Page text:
Celebrities have been quick to jump into NFTs, but their motivations for doing so may be confusing to fans. Truth in Advertising, a consumer watchdog group, just sent letters to 17 celebrities, including Jimmy Fallon and Gwyneth Paltrow, reminding them that not disclosing material connections (i.e., “Do you make money from this?”) when posting about something on social media violates Federal Trade Commission guidelines.
“When it comes to NFTs, some celebrities are able to take financial risks due to their wealth, but many vulnerable consumers don’t have that luxury,” Bonnie Patten, executive director of the group that sent the letters, told BuzzFeed News. “Consumers deserve to understand the full picture behind a celebrity endorsement so that they can make fully informed decisions on whether or not to invest in NFTs.”
The letter from Truth in Advertising to the celebrities also notes that NFTs in general are “rife with deception” and that the promotion of them almost always omits mentioning the risks associated with them:
we have found that celebrity NFT promotions is an area rife with deception, including, but not limited to, a failure to clearly and conspicuously disclose the promoter’s material connection to the endorsed NFT company, as well as the omission of other material information, such as the risks associated with investing in such speculative digital assets, the financial harm that can result from such investments, and the personal benefit(s) the promoter may gain by virtue of the promotion(s).
The letter goes on to remind the celebrity that material connections to an NFT collection should be disclosed in any social media post. While it’s unclear what connection these celebrities have to the NFTs they’ve posted about, there are two celebrities where the connection is clear: Justin Bieber, who is listed as an investor on the inBetweeners NFT project, and Reese Witherspoon, whose company Hello Sunshine is a partner of World of Women NFTs, both received more stern letters from the group in June.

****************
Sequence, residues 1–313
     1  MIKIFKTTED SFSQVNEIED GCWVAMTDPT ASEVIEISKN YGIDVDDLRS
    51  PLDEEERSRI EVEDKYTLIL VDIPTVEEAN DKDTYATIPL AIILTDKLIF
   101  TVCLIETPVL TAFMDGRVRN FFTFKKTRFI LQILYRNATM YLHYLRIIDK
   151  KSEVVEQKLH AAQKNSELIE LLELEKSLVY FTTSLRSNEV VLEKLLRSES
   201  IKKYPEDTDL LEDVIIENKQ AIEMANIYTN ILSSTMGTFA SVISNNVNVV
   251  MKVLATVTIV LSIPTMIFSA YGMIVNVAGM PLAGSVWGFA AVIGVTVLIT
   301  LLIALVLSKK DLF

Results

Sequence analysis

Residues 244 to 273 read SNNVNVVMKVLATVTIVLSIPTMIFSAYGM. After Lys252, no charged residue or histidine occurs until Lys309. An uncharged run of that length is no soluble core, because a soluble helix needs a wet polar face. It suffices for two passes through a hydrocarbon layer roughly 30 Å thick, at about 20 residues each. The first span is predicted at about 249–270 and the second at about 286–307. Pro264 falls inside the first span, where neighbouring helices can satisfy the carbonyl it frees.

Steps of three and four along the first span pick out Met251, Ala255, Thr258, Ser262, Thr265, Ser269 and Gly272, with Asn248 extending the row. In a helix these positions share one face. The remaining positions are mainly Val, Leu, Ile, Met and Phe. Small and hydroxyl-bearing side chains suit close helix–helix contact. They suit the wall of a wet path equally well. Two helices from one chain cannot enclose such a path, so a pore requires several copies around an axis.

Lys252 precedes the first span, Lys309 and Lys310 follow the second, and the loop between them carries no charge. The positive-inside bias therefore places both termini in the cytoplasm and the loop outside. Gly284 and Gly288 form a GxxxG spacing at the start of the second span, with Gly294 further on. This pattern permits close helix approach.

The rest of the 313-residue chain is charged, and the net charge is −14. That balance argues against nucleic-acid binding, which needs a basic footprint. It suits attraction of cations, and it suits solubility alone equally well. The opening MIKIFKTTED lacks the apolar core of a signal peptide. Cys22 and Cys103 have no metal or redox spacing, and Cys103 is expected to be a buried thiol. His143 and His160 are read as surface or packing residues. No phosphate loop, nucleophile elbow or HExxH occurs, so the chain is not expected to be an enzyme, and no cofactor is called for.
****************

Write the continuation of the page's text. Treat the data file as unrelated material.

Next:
Here are the 17 celebrities who received a letter:
When a celebrity or influencer buys into an NFT collection and then posts about it on their social media, they may be influencing the value of the entire NFT collection. Even if they paid for the NFT with their own money, they’re essentially pumping the value of their own investment. If a celeb buys an NFT early on for cheap and tweets about it (or when Paris Hilton appeared on The Tonight Show talking about her Bored Ape), this can raise the value of the NFT, so they can then make a profit when they sell later on.
To make matters more complicated, although sometimes celebrities pay for their own NFTs, other times they are gifted free ones by the collection owners. When Jimmy Fallon changed his Twitter avatar to an image of a cartoon owl, it was after he was gifted a free Moonbird NFT by the collection’s owners as part of their plans to give free NFTs to friends or explicitly for marketing purposes. Fallon’s promotion of the Moonbird collection raised its value – but he never disclosed that was a freebie. Fallon received a letter from Truth in Advertising this week.
The letters sent today are soft reminders. But in the past, Truth in Advertising has made this a first step in a series of escalations that eventually lead to FTC involvement. In 2016, the group sent a bunch of celebrities, including the Kardashians, this kind of gentle letter, but by 2017 the FTC was sending its own letters.